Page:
No doubt there are countless reasons that make this year’s NBAA Convention in Orlando a “don’t miss” event, but for most of us, the highlight this, and every year, is the rampful of aircraft on static display. And it takes countless hours of planning and coordination and a team of nearly 100 professionals to arrange that.
“We started planning for NBAA’12 back in 1996,” explained Kim Showalter, president of Showalter Flying Services, the FBO host of this year’s display. “That’s when we hosted our first NBAA here in Orlando. I have a set of three-ring binders on my bookshelf from each prior NBAA. I take things from past events and move them into the current year’s book. So I know what things need to change and what things can stay the same.”
While the company benefits from drawing on lots of past experience, each NBAA does present new challenges, so continual planning and coordination is key to success.
“We started hosting open monthly meetings with everyone connected to this year’s event last March,” said Brad Elliott, Showalter’s director of new business. “Those attending included our rental car supplier, caterers, the fire department, the Greater Orlando Aviation Authority, risk management, airport operations, representatives from our FAA control tower and others. If you’re involved at all, you’re invited to attend.”
Sure, you might think that’s a lot of preplanning for a static display, but keep in mind that Showalter is also the host FBO, which means the facility is the first and last experience many NBAA’12 fly-in attendees will have.
“Success comes down to the smallest detail,” Showalter said. “Take coffee: on the last day of the show and the day after we can have 80-plus airplanes all departing by noon and they all want fresh coffee. Some want a gallon of regular and a gallon of decaf. How do we meet their needs?”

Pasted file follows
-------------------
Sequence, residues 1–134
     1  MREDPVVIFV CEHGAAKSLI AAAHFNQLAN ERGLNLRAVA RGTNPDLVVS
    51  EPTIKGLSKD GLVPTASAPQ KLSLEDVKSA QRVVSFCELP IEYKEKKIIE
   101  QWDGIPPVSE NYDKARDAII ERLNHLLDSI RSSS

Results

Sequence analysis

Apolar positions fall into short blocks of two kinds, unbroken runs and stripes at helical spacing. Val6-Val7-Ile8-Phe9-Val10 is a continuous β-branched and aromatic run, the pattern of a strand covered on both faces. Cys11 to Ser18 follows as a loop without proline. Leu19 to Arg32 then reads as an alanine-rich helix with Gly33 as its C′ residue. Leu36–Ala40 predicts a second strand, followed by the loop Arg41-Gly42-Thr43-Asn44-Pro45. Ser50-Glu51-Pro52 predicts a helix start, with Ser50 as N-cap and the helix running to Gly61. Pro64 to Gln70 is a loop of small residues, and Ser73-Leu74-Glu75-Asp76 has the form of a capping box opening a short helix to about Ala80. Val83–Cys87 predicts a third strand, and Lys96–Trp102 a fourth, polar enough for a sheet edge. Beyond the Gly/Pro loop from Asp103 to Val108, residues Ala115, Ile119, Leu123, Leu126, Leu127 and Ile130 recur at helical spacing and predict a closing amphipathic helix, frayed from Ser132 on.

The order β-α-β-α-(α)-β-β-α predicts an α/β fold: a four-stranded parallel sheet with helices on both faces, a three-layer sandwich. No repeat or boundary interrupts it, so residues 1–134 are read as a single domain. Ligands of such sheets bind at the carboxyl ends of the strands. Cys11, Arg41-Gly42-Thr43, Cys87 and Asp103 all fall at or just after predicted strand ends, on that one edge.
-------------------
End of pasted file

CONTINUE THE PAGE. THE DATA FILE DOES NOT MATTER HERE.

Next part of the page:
“We have a CSR meet every aircraft when it arrives to find out exactly what they want when they depart,” she said. “How much coffee? What newspapers? Ice? Catering? We take care of preparing as much as we possibly can in advance.”
Help from Their Friends
While Showalter’s team of line service and customer service professionals strive to provide exceptional service all-year, as you would expect, their regular crew of 28 couldn’t handle the 10 days of NBAA activities. “We borrow people from our FBO friends all over the country; they come from as far away as North Dakota,” she said. “They send us the very best of their line service people to help out. By the time we’re all done, our staff of 28 swells to nearly 100 people, including volunteers, for the week.”
“We also get a lot of help and cooperation from our based customers,” Elliott added. “We contact them in early August to find out if they plan on flying around NBAA time. Then we contact them again in early October to ask whether or not to move their aircraft out of their hangar. Once we start setting up the static display, we can’t get their airplanes out.”
While you might expect this bit of inconvenience would come with some resistance, Elliott said they have yet to get a complaint. “In fact, most of them want to get involved. They say just leave my airplane and ask what they can do to help out?” he said.
While the vast majority of NBAA attendees understand the effort Showalter’s team puts forth and appreciates their work, every once in a while ‘stuff’ happens. “We had an instance years ago with the crew of a large European executive jet,” Showalter said. “Brad was working with our line service group back then and when he went to talk to the crew, they took a look at the name on his tag and, honestly, they didn’t treat him very well.”
“We don’t stand for that. We have the best people in the business here. Anyway, later that day, my son, Sandy went up to the airplane. He was dressed just like Brad, but his name tag had Showalter on it,” she said. “It was ‘Mr. Showalter this and that…’ Well from that day on, everyone here has the last name Showalter on his or her name tag during the show,” she said. “We have a very ethnically diverse group here and having everyone with the same last name can raise a few eyebrows with our first-time visitors. It’s become an inside joke around here.”
Static display visitors this year might notice the expanded ramp area, which grew by 2.25 acres to 25 acres, all of which has been resurfaced. The Florida Department of Transportation paid for the $1.1 million project, which included repairs to damage sustained eight years ago during Hurricane Charley. “It destroyed several [of our] buildings, but the foundations remained. So did the grass between where those buildings once stood,” said Showalter. “We wanted to make that space usable.”